Today, we know April 28 as the Day of Mourning for workers killed or injured on the job. What is less known is just how instrumental CUPE was in establishing that day.  

In 1983, the health and safety director of CUPE, Colin Lambert, came up with the idea of a day to recognize workers killed and injured on the job. Lambert was a former steelworker and miner from Sudbury. He proposed the idea to CUPE’s health and safety committee, and members were quick to endorse the idea.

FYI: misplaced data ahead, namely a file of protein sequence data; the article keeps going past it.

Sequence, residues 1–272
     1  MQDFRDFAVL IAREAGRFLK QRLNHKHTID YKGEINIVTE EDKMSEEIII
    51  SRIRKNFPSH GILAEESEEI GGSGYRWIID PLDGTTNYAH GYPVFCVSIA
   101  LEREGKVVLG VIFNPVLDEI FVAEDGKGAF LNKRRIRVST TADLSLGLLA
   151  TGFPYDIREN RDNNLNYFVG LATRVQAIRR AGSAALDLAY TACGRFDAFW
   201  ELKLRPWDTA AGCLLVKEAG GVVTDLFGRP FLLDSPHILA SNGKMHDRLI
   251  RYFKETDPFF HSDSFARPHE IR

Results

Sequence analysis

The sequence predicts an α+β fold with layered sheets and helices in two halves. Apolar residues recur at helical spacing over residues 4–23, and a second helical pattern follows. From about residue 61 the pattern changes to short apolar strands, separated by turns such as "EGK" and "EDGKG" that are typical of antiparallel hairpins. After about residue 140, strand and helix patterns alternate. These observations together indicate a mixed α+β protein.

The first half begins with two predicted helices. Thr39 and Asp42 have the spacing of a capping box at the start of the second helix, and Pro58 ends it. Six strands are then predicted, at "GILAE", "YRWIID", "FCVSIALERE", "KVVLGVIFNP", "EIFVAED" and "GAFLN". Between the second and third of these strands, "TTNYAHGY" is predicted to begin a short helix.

At CUPE’s National Convention in 1984, delegates officially supported the committee’s suggestion. Not long after, in 1986, it was the CLC’s turn to endorse the idea. 

Workers also pushed and lobbied so the day would also be recognized by governments. In 1991, the House of Commons passed a private member’s bill naming April 28 as the “Day of Mourning for Persons Killed or Injured in the Workplace”.  

Today, that day of action and remembrance is widely recognized across Canada’s labour movement, with the yellow canary as its signature symbol.  

Photo:   The Leader, CUPE, April 1987, p.8.  

Early ad for the Canary